“Wait,” Daniel interjected. “Does that mean that the Oracle of Delphi had actual powers?”

“In a sense. Many tales of ancient gods and heroes were inspired by those wielding ark shards.”

“How do you get the power to predict the future from animals?” Natalie asked.

“You don’t,” Mr. Ross said. “That was one part superstition and religious belief, and one part scam. Many of the advisor’s descendants believed themselves chosen by fate or the gods to guide humanity to some glorious future. Many sought to conquer the world but were always kept in check by their relatives.”

“And let me guesss,” Natalie said. “You’re one of the advisor’sss descccendantsss fighting against a cabal of evil relativesss bent of world domination—or sssomething—and wiping out the ‘good’ ssside of the family.”

Mr. Ross looked taken aback and a little horrified.

“Goodness, no!” he said. “Perish the thought I be related to any side of that family. And before you ask, no there is no great family war. Only a few members of the original lineage remain that know of the ark shards and they are all part of the same organization.”

“What organization is that?” Daniel asked.

“I was getting there,” Mr. Ross huffed. He cleared his throat and resumed his thousand-yard stare before starting his story again.

“As time marched on, the ravages of history took their toll on the family. Soon they could not manage the ark shards alone and began to recruit apprentices from outside the family. But with this expansion came a need for a name. Simply calling themselves ‘the family’ no longer worked. So they titled themselves as Omphalos.”

“The heck isss an Omphalosss?” Natalie asked.

“It’s an ancient Greek word,” Daniel answered. “It technically means ‘navel’ but that’s used as a metaphor for the center of the world. It’s also the name of the stone that Zeus’s mother used tricked the titan Chronos into eating instead of her child.”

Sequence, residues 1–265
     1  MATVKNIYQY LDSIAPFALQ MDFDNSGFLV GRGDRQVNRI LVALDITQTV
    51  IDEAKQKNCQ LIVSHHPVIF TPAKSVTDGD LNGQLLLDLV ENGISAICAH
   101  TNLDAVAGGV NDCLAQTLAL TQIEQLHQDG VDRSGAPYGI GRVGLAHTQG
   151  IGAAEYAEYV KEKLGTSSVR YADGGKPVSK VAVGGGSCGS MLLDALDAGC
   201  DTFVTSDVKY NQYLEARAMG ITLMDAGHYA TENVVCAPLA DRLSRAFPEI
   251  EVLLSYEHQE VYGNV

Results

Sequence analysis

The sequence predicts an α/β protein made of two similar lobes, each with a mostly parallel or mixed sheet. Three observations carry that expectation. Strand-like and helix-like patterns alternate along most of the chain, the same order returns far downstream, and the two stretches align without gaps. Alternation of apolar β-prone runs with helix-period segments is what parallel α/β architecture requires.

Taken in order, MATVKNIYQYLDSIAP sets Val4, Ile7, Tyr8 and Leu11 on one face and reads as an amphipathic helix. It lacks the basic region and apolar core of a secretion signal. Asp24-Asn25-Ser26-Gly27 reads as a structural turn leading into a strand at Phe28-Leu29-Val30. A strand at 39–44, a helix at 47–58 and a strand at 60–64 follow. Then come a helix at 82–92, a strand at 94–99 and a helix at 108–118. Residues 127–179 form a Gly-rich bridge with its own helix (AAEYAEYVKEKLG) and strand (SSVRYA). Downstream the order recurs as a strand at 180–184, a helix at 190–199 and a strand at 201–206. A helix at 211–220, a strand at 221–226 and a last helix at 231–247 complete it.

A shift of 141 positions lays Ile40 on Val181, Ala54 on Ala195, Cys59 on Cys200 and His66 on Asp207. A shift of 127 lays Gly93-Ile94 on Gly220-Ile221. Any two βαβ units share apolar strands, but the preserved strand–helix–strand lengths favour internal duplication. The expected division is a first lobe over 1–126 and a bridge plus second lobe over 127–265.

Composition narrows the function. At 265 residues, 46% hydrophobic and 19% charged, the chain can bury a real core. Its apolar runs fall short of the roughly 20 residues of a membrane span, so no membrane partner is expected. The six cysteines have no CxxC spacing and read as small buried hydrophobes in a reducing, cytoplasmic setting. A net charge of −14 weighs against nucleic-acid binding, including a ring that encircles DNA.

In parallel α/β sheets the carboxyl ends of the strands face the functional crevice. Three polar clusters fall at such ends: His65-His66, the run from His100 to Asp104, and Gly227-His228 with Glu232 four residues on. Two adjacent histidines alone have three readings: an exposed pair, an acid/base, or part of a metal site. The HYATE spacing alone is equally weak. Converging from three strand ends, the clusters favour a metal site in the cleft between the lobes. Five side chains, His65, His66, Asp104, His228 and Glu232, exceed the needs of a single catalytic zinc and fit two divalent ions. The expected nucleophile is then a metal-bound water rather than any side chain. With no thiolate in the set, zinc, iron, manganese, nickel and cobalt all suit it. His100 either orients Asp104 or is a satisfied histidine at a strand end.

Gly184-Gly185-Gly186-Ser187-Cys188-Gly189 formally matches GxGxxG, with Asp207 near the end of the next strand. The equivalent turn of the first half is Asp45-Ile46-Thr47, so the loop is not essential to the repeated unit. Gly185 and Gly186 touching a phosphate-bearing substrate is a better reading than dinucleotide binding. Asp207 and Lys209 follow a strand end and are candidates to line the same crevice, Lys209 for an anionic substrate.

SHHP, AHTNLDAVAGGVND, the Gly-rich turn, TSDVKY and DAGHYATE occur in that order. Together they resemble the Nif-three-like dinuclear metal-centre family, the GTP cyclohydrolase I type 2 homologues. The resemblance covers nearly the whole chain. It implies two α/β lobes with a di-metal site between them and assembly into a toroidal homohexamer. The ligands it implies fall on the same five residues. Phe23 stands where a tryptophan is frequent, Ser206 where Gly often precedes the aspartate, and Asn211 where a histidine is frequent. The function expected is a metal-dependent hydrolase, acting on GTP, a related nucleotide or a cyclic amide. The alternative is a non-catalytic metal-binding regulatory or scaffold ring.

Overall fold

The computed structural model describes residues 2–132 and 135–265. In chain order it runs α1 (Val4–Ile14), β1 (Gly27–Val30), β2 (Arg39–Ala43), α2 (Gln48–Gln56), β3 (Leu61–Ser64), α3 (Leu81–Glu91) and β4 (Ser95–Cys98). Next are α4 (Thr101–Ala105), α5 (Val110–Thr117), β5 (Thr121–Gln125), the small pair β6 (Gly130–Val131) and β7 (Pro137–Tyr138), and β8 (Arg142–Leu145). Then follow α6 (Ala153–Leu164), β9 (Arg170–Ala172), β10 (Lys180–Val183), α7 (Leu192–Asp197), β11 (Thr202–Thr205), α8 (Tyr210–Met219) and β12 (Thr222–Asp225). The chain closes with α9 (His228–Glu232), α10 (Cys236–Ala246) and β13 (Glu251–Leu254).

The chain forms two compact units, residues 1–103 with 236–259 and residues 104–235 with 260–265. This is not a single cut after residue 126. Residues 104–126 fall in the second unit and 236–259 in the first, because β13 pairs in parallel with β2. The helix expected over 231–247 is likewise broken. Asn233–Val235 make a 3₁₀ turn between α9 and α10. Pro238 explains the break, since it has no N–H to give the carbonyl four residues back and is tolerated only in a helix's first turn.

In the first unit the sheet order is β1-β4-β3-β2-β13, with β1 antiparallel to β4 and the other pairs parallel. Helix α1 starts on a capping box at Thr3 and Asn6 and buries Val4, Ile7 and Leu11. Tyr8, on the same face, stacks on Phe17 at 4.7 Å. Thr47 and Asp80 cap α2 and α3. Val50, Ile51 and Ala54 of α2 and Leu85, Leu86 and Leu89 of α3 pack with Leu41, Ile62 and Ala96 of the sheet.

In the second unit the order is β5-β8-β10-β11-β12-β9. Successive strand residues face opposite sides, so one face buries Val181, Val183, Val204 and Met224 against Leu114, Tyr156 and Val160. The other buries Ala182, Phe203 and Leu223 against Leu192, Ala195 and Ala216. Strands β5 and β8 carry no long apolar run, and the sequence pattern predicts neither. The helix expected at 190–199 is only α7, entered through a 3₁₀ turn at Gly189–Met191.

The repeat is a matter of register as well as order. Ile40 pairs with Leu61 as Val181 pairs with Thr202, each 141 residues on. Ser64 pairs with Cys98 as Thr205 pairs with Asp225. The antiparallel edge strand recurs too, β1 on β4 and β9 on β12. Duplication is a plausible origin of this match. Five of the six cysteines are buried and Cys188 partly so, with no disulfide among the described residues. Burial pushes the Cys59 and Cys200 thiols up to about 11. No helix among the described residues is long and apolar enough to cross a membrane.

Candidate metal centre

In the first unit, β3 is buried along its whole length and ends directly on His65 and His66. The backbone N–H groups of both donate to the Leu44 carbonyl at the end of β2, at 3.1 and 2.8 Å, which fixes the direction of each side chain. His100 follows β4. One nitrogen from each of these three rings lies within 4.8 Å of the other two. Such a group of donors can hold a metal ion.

Natalie mulled this over in her head. “Ssso they’re a bunch of sssnobsss who think the world revolvesss around them and for sssome reassson needed to give a name to a rock. Got it.”

Mr. Ross chuckled. “They are rather pretentious. It’s part of the reason my wife and I left.”

“So you were part of Omphalos?” Daniel asked.

“We were, though they go by a very different name now in official circles. See, back when the United Nations was founded, the leaders of Omphalos made a deal with the fledgling world alliance. Omphalos would work for the UN in exchange for protection and funding. Under the UN’s control they are now called the ISRD, the International Supernatural Research Division, and have expanded from just safeguarding the ark shards to studying them and other strange and unusual phenomenon.”

“I’ve never heard of the ISRD,” Daniel said.

“Well they wouldn’t be a very good covert organization if you had. They’re still known as Omphalos to their agents, which at one point included my wife and myself.”

Natalie wished she had a chair to sink into. This was a lot. First she turns into a half-snake thing, then she fights another weird hybrid, and now she was learning that her tweed jacket wearing history professor was a retired super-spy from an ancient order of people dedicated to the very shards which had turned her into this freak of nature. It felt like her whole world was being turned inside out, upside down, and shaken not stirred. And to think, a couple of days ago her biggest worry involving Mr. Ross was whether she’d get a passing grade on her end of the year project.

Her head was spinning so much from all the information it was trying to digest that she nearly missed what Daniel said next.

“This is so cool! You were like a married couple version of James Bond!”

“Thank you, my boy,” Mr. Ross said, puffing up like a peacock. “It’s nice to talk to someone about this after so long.”

“Has Omphalos discovered more about the ark shards? Or are they still just as mysterious as in ancient times?”

“Well, my wife and I retired nearly ten years ago from the ISRD, but I do remember that they were finally able to crack one secret of the ark shards, which makes their name even more accurate. As it turns out, the shards are partially composed of crystalized DNA sequences. We hypothesized at the time that the original purpose of the ark shards was to act as a safeguard in order to repopulate the Earth in the case of a mass extinction event.”

“But you still have no idea who created them in the first place?”